"A shed is wonderfully practical. It insulates sound and keeps out daylight so each shed can be a completely different world inside. Sheds are also very cheap and easy to prefabricate, so exhibits can be completely finished and tested off site. Their only drawback is the need to cover them in intumescent fireproof paint - horrible gloopy stuff which ruins any surface.Among his works for the project is the Edeon Cinema (pictured) with plywood seats which catered for audiences of up to 11 people with the video projector on a shelf above the entrance door.
Another success was Rubberworld (pictured). Tim comments:
"Rubber is a good good subject. It combines stuff about plants (that Eden like) with stuff about the history of technology (that I like) and a touch of vulgarity (rubber fetishism and condoms). We found enough images and objects to completely stuff the 8 by 12 shed, giving it the appearance of a Victorian style museum. We received an enormous amount of help from the Malaysian Rubber Development association, who had a brilliant photo library and provided many great rubber objects and lumps of raw rubber. Rubberworld has since been re-erected outside near the biomes. The sign is a sheet of rubber, in front of the lettering cut into a wooden sheet connected to a vacuum pump. As the pump sucks, the lettering is revealed and the gloves round the edge inflate with the air sucked out of the letters."The Eden Project also has less spectacular but nonetheless attractive sheds too.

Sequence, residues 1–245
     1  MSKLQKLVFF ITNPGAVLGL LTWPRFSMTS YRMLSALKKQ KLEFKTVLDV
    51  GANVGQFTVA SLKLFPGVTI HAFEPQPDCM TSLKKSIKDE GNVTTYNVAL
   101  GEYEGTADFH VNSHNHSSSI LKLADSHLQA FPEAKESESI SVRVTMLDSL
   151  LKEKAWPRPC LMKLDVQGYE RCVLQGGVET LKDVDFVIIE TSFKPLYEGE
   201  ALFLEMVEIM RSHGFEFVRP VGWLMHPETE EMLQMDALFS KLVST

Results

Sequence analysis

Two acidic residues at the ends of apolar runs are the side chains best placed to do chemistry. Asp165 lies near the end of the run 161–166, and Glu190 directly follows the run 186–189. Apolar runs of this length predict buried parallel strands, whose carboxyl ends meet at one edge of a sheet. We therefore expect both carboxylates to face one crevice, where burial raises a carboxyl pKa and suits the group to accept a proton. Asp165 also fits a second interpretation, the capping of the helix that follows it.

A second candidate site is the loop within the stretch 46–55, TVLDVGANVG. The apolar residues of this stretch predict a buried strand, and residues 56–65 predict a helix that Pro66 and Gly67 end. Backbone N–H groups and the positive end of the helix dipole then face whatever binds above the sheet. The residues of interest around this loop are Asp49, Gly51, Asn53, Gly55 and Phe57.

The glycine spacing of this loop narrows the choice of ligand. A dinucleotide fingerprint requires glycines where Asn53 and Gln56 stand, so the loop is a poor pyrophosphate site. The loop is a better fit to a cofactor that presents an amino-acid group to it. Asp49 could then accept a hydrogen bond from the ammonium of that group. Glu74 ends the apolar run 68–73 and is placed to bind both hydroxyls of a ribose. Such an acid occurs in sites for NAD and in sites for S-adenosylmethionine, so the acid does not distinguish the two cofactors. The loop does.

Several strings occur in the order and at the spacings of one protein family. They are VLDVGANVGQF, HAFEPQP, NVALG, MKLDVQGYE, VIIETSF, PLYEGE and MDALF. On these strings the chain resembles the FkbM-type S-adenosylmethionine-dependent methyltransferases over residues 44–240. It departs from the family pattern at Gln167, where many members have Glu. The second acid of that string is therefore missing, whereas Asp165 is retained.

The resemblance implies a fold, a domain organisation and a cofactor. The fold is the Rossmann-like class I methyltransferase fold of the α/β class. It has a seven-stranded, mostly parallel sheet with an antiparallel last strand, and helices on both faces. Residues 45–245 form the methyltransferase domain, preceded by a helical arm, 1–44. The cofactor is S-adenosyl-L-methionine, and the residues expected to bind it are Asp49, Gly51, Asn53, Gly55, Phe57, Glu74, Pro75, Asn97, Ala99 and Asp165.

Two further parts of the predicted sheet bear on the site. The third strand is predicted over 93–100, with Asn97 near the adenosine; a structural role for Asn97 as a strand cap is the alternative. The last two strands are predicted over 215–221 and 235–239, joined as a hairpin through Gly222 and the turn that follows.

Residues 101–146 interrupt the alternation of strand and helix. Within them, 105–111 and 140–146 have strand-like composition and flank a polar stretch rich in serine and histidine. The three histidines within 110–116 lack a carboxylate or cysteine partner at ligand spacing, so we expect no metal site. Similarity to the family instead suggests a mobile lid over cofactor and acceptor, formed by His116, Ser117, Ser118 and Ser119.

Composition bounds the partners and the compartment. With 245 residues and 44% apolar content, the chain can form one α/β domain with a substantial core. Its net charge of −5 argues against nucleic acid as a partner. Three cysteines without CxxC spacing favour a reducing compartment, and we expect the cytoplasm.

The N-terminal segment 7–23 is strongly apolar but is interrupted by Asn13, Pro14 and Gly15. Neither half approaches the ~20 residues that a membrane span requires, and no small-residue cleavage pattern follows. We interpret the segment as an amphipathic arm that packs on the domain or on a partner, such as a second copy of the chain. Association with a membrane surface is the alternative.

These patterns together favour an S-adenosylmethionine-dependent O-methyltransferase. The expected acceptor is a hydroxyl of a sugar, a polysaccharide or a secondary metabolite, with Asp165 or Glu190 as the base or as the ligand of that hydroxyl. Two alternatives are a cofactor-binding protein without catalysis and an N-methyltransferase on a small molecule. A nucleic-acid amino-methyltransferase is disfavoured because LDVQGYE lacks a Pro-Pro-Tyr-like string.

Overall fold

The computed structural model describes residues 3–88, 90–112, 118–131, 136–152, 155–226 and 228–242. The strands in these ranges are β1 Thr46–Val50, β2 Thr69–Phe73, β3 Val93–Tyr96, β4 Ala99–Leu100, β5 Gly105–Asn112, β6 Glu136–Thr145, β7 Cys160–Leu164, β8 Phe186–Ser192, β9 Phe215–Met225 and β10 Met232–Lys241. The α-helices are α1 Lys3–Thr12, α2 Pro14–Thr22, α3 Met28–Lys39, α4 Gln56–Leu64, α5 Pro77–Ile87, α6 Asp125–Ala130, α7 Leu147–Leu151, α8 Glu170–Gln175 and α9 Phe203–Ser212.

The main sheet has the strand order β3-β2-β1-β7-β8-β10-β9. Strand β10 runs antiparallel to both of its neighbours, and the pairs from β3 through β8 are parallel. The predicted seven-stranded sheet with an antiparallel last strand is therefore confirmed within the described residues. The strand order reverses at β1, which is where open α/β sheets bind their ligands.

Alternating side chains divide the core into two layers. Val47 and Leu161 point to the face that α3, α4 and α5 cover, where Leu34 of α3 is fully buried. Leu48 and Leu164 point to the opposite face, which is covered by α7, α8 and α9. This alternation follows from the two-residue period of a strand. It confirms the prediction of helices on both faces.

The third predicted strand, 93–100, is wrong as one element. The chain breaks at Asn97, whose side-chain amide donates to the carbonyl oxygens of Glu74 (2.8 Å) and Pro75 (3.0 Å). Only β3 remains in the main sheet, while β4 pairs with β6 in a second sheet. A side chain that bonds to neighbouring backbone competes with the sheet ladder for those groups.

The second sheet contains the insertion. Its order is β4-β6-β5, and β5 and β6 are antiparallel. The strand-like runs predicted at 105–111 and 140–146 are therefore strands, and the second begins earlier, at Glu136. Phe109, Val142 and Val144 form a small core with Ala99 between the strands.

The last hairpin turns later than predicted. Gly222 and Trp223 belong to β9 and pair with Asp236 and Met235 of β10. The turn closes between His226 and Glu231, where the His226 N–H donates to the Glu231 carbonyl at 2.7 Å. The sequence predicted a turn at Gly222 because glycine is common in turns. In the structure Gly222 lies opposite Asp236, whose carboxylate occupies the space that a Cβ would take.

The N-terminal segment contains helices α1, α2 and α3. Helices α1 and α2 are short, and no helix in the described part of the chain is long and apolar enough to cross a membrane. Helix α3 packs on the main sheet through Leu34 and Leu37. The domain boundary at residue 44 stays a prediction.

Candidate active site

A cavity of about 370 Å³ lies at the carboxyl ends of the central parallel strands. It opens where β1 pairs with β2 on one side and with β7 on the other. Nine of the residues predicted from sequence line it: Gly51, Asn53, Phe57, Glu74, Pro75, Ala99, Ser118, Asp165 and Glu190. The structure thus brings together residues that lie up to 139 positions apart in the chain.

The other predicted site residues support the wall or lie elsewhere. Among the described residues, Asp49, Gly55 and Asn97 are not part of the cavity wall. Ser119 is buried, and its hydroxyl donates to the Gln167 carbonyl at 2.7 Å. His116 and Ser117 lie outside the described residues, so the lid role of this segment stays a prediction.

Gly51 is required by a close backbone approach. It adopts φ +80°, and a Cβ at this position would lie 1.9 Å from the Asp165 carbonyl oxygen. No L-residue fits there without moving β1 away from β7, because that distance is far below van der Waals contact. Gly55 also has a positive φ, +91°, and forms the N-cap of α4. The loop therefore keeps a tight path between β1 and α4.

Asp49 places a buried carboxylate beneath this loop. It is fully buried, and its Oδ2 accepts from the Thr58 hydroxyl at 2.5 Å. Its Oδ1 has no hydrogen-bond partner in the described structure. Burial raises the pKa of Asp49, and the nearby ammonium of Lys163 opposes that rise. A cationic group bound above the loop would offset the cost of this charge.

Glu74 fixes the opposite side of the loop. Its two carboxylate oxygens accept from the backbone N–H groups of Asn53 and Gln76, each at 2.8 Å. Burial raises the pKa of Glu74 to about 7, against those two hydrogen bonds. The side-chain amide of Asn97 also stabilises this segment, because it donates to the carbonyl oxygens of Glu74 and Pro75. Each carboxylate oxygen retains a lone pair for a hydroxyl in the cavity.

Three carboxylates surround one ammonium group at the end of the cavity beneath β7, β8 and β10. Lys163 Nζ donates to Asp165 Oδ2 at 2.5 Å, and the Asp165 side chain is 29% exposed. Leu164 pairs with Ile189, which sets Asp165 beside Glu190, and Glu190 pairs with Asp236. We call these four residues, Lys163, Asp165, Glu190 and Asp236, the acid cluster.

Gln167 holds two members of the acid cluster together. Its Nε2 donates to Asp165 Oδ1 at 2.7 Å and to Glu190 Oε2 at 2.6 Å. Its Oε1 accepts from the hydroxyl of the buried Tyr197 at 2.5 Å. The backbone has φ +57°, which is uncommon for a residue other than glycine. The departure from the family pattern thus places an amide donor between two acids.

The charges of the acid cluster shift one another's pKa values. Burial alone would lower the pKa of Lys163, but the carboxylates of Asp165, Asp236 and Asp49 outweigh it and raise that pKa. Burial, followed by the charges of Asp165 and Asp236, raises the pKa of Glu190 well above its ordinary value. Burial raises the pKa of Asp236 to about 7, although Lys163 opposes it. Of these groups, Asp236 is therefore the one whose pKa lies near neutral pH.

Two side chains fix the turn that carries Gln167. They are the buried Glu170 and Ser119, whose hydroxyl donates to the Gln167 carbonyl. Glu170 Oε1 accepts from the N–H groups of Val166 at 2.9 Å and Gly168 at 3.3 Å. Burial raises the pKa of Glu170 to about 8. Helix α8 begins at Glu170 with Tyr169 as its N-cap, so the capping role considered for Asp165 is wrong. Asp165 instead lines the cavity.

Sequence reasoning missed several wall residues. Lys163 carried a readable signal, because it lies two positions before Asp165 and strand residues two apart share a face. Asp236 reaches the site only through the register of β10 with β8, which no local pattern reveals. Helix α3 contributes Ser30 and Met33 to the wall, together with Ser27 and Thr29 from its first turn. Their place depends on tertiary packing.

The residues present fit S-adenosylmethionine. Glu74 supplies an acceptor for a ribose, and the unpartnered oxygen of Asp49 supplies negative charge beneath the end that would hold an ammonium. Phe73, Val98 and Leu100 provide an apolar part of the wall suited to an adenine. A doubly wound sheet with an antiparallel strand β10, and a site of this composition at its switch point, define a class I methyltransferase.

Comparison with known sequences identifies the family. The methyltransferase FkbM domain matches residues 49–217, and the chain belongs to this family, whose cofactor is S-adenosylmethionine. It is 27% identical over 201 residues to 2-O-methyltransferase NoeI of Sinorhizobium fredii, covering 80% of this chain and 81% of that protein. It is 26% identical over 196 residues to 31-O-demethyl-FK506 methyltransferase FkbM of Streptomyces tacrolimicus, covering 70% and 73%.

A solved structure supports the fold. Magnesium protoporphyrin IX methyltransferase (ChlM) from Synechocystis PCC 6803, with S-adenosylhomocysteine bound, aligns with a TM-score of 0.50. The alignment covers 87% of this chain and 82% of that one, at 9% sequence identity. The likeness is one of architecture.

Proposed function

Posted by alex johnson at 3:19 PM
Lynn Fotheringham from Inside Out Buildings talks on her The Office In The Garden blog about a recent build in rural Fife, their most northerly office build to date. She writes:
"As you can see, we usually build the garden office before the landscaping is complete. This building is now surrounded by paths, deckings and bushes, but when we photographed it hours before completion the garden was still in its raw November state. This en-suite garden office needed planning permission, not because of the en-suite but because it is nearer to the road than the main house is. Our lovely client practices lymphatic drainage to help patients suffering from lymphoedema."
Capsule offices, mini-shedworking atmospheres on wheels, are becoming increasingly popular. Here is Michiel van der Kley's new design offering, the Globus, what he calls "a personal mobile workstation" with a rotating chair, pull-out table top, and wheels. And when it's closed it looks rather nicely spherical.
Via Yanko Design with more photos at Artifort
Via Yanko Design with more photos at Artifort
Posted by alex johnson at 10:08 AM